8. TheBlueOne

    TheBlueOne Well-Known Member

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    Is your existing chimney internal (runs up the center) to the house or outside? This will make a big difference on draft. Is your existing chimney lined with clay tile?
    Check out http://hearth.com/what/specific.html for some good information about burning wood, chimneys, etc.
     
  9. Bret F

    Bret F Well-Known Member

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    Years ago my Dad put a piece of sheet metal into the fireplace opening. It had a hole cut into it to fit an 8" stove pipe. He then set a free-standing wood stove in front of the fireplace with a short section of stove pipe going from the stove into the center of the fireplace. It utilized the existing chimney with no other alterations.

    He heated the house with that for about ten years. When the weather warmed up, we would pack the stove back outside until fall. I don't recall it ever damaging the stove pipe, but if it did, it doesn't cost much for a new section. His stove would keep fire all night, but on the rare occasion it needed started he had to stuff crumpled newspaper through the stove pipe and into the fire place and light it to get the smoke draw started before starting the actual fire.

    He has since cut the legs off the stove and put it into the fireplace. He altered the exhaust to go up instead of out the back. He cut 1/4" plate steel to seal off the remainder of the opening, with openings for a forced air system. He made an additional jacket directly around the stove and put a fan inside the fireplace area to force the heat from the jacket out into the house.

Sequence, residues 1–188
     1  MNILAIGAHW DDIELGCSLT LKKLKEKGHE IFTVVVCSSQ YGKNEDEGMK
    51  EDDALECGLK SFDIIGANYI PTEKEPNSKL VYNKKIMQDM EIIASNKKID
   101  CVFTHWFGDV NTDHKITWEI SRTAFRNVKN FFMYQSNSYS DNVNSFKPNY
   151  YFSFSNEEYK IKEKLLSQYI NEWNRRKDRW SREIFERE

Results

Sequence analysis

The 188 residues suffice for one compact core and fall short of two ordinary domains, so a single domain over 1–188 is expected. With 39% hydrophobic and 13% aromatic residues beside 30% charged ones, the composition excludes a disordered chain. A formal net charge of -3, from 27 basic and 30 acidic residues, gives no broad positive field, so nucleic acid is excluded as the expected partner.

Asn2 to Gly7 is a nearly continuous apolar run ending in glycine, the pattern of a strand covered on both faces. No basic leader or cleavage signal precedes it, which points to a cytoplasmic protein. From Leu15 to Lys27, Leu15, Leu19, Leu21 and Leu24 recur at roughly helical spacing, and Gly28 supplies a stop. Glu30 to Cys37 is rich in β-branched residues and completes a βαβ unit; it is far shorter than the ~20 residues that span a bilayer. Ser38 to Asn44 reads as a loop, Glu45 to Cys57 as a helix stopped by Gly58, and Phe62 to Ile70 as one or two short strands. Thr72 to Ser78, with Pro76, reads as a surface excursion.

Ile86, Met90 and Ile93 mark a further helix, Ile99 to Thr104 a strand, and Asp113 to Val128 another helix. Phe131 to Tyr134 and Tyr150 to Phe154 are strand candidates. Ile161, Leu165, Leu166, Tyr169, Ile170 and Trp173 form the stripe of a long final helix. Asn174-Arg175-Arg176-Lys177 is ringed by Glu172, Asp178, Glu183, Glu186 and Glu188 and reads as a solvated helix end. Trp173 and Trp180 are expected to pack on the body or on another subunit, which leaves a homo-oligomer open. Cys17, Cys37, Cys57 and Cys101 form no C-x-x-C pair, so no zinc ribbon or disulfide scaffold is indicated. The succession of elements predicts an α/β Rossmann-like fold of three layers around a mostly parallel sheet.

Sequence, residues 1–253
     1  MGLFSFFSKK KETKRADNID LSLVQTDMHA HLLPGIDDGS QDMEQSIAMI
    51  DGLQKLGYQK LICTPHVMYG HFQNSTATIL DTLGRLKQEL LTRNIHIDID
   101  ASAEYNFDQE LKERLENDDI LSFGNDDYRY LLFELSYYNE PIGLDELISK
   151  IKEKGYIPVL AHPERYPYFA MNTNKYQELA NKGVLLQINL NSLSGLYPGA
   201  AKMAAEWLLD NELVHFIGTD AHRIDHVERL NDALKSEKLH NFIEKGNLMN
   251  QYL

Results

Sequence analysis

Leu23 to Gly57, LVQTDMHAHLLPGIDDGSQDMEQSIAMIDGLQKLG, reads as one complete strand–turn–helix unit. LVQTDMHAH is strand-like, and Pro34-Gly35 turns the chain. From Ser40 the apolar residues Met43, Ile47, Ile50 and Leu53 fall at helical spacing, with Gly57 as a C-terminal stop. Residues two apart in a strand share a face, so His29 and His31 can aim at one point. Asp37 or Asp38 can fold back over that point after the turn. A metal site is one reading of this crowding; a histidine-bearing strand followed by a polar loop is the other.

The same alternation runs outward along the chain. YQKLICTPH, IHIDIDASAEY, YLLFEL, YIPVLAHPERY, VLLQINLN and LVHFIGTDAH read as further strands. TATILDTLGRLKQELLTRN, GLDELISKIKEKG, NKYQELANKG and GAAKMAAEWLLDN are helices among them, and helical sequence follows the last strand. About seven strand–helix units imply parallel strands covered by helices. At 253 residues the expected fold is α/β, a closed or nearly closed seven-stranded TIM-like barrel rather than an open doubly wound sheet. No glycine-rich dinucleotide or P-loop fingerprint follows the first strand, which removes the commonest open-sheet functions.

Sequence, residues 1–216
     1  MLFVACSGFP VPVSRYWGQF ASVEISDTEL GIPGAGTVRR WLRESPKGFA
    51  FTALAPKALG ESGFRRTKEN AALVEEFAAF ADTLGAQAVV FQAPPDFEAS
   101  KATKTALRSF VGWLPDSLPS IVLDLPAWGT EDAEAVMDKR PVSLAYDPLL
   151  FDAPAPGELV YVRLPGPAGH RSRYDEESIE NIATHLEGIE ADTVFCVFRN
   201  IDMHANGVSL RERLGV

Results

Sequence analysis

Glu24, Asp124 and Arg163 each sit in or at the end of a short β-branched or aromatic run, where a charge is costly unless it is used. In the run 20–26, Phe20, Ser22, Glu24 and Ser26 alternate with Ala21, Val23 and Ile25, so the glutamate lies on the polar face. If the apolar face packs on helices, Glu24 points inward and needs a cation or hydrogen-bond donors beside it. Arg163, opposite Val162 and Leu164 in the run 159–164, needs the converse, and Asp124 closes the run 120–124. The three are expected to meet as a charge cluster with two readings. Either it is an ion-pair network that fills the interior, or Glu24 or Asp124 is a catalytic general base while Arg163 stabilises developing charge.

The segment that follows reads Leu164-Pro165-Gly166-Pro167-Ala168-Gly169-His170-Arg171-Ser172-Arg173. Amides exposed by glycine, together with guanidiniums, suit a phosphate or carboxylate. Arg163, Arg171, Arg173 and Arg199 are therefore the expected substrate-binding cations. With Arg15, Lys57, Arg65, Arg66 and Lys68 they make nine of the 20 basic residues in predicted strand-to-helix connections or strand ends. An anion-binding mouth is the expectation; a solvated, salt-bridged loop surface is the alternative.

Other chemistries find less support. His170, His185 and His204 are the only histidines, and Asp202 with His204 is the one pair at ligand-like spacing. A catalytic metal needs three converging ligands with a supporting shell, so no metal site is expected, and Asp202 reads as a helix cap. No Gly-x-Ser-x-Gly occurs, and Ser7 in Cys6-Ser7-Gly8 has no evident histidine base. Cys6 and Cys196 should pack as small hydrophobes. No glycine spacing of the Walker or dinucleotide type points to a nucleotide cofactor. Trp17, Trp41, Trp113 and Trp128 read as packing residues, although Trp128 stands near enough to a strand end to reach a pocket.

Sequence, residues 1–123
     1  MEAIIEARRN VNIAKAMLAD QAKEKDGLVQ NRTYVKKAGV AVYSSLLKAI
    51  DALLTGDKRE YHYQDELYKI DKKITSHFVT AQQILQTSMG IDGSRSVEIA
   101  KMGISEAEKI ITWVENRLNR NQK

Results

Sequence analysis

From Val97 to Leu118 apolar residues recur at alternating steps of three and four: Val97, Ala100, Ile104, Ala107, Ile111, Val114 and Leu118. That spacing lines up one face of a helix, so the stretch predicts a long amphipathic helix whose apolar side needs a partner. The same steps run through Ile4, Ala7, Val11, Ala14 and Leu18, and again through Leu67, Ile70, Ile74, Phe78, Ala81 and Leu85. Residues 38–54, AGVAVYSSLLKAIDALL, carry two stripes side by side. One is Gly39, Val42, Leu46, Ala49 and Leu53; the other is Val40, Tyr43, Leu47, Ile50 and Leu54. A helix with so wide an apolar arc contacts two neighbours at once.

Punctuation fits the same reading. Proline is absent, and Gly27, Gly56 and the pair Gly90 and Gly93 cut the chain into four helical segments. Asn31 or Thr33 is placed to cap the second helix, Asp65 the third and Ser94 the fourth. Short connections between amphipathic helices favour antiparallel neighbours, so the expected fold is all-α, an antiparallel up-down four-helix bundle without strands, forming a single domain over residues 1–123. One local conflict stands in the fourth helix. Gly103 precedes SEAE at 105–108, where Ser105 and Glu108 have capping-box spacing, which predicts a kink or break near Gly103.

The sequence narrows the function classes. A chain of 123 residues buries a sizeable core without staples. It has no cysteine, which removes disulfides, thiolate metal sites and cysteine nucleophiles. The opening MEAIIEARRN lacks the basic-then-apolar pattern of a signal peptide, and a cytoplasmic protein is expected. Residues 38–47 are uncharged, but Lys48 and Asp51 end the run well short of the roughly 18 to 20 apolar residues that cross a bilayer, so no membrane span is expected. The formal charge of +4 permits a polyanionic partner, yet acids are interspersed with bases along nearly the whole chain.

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  10. 1farmgirl

    1farmgirl Well-Known Member

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    Cowboy Joe-if your liner is the stainless type with the lifetime warranty and insulated, that's a pretty good price. The lifetime warranty is transferable should you decide to sell your home. Did you inspect your chimney last year (or have a trained chimney sweep check it out)? Have you ever had a chimney fire to your knowledge? Sometimes flue fires happen and the owners aren't even aware. Every flue fire can cause cracks to open/reopen in the clay/brick liners. These cracks get built up with creosote that can't be cleaned with brushing. A spark in the right place and you could end up with a fire in your attic, etc. Also the older chimneys (and some new ones we are finding!) aren't necessarily built "to code". This is probably why you are getting the recommendation for relining. The fireplace people have to cover themselves (what if they said just line it with regular stovepipe and your house burnt?) Also, I'm sure you know that "old fireplaces" aren't the most efficient way of heating. OD is also right. Improperly sized appliances and/or flues cause problems. One big problem we find is flues too big for the appliance. This causes a tarry creosote build-up that is next to impossible to remove. It burns very hot when it catches on fire.

    Bret F.-We just had a customer that we took care of back in the spring that had a similar set-up with the stove piped into his fireplace. He just had it hooked into the FP opening, had a sheet of metal covering the opening and that was it. He had a heavy concrete slab on bricks on the top for a cap. He had I think about two flue fires at different times. This last time, he had us check it out and there was a hole blown out of his liner the size of a saucer. This was near the top. He had cracks as well the whole length. He had creosote build-up everywhere that I think was caused by letting the fire "smolder". Not good. We ended up relining his with the stainless pipe. Because it was cause from a flue fire, his insurance paid for it.

    Kathy